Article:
An American businesswoman with international ties was sentenced in the District of Hawaii yesterday to two years in prison for her role in facilitating an unregistered lobbying campaign of the Administration of the former President of the United States and the U.S. Department of Justice on behalf of foreign principals in exchange for millions of dollars.
According to court documents, Nickie Mali Lum Davis, 47, of Honolulu, Hawaii, admitted that between March 2017 and January 2018, she and her co-conspirators – Elliott Broidy, George Higginbotham, and Prakazrel “Pras” Michel – agreed to lobby the then-President of the United States, the Attorney General, and other high-level U.S. government officials to drop civil forfeiture proceedings and a criminal investigation into the embezzlement of billions of dollars from 1Malaysia Development Berhad (1MDB), a strategic investment and development company wholly owned by the Government of Malaysia.
For their efforts, Lum Davis and her co-conspirators were paid millions of dollars by Low Taek Jho, aka Jho Low, an alleged architect of the 1MDB scheme. Lum Davis and others also agreed to lobby the Administration and Justice Department on behalf of Low and a minister of the People’s Republic of China (PRC Minister A), to arrange for the removal and return of a dissident of the PRC living in the United States. Lum Davis and her co-conspirators concealed from the officials whom they lobbied that they were working on behalf of Low and PRC Minister A, and were being paid millions of dollars by Low with the expectation of tens of millions more in success fees. The lobbying campaigns were ultimately unsuccessful.
Among other actions, Lum Davis and her co-conspirators tried to arrange meetings for PRC Minister A with the Attorney General, the Secretary of Homeland Security, and other high-level officials during PRC Minister A’s visit to the United States in May 2017; provided talking points to the Secretary of State referencing the 1MDB investigation in advance of a meeting between the Secretary of State and the Malaysian Prime Minister in August 2017; and pushed the White House Chief of Staff for a meeting and golf game between the former President and the Malaysian Prime Minister to allow the Malaysian Prime Minister to raise resolution of the 1MDB investigation. Lum Davis was paid at least $3 million for her role in the scheme, which she agreed to forfeit as part of her plea agreement. Broidy was paid at least $9 million.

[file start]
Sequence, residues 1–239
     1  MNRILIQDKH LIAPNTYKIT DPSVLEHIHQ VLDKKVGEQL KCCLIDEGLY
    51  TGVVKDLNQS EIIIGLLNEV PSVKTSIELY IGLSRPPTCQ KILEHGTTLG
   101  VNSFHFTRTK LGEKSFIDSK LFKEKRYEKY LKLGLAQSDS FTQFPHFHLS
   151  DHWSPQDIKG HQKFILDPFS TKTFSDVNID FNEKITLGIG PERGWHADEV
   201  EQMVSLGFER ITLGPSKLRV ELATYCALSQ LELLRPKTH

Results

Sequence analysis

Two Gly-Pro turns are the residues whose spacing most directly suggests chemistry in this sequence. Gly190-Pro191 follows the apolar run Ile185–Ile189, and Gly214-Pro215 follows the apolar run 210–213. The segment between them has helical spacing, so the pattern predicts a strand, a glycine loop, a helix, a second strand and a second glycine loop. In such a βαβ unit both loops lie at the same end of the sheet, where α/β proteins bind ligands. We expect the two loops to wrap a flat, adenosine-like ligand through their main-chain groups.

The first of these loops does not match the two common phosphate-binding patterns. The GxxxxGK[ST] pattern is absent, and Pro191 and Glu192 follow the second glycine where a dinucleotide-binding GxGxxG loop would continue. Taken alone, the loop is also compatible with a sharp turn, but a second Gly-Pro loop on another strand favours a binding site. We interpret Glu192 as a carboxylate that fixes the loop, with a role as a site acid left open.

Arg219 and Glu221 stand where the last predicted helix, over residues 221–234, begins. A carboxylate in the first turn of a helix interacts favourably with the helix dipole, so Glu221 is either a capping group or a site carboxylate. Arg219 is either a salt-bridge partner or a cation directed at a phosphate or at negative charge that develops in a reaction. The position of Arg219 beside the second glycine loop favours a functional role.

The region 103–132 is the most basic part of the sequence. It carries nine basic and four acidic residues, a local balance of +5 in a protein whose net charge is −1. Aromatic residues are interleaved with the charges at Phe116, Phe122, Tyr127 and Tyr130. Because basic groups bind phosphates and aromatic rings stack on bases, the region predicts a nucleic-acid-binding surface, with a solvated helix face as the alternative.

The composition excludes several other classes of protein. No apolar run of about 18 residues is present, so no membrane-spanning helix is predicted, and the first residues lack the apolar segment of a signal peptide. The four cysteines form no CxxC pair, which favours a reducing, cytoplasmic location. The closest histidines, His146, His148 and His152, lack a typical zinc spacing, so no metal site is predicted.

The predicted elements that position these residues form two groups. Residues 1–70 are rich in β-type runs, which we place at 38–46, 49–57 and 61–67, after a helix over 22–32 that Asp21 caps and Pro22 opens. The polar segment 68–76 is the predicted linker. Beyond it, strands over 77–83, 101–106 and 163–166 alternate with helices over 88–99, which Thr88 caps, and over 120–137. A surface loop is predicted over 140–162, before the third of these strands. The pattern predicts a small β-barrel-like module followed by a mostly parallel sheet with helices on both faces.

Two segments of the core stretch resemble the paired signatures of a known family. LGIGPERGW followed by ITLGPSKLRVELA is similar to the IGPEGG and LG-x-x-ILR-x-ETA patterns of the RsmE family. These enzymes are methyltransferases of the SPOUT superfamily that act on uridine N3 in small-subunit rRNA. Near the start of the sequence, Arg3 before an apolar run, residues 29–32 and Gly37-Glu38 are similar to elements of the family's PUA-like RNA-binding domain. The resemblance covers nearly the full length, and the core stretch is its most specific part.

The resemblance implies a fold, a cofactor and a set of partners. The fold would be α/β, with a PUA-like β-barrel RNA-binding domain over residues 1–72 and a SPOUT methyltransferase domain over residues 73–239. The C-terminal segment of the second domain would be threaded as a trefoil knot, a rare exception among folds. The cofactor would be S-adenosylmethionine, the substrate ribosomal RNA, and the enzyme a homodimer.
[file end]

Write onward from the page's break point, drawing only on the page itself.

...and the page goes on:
Broidy previously pleaded guilty for his role in the scheme on Oct. 20, 2020, in U.S. District Court for the District of Columbia. Broidy received a full presidential pardon on Jan. 19, 2021.
Higginbotham previously pleaded guilty for his role in the scheme on Nov. 30, 2018, in U.S. District Court for the District of Columbia. He will be sentenced at a later date.
Michel was charged by superseding indictment for his role in the scheme on June 10, 2021. His trial is set to begin on March 27 in U.S. District Court for the District of Columbia.
Assistant Attorney General Kenneth A. Polite, Jr. of the Justice Department’s Criminal Division, Assistant Attorney General Matthew G. Olsen of the Justice Department’s National Security Division, U.S. Attorney Clare E. Connors for the District of Hawaii, Special Agent in Charge Steven B. Merill of the FBI Honolulu Field Office, and Special Agent in Charge Keith Bonanno of the Department of Justice Office of the Inspector General (DOJ-OIG), Cyber Investigations Office made the announcement.
The DOJ-OIG and the FBI Honolulu and Los Angeles Field Offices investigated the case.
Principal Deputy Chief John D. Keller, Director of Enforcement and Litigation for Election Crimes Sean F. Mulryne, and Trial Attorney Nicole R. Lockhart of the Criminal Division’s Public Integrity Section (PIN), and Assistant U.S. Attorney Ken Sorenson for the District of Hawaii are prosecuting the case. Former PIN Trial Attorneys James C. Mann and Ryan Ellersick also provided significant assistance.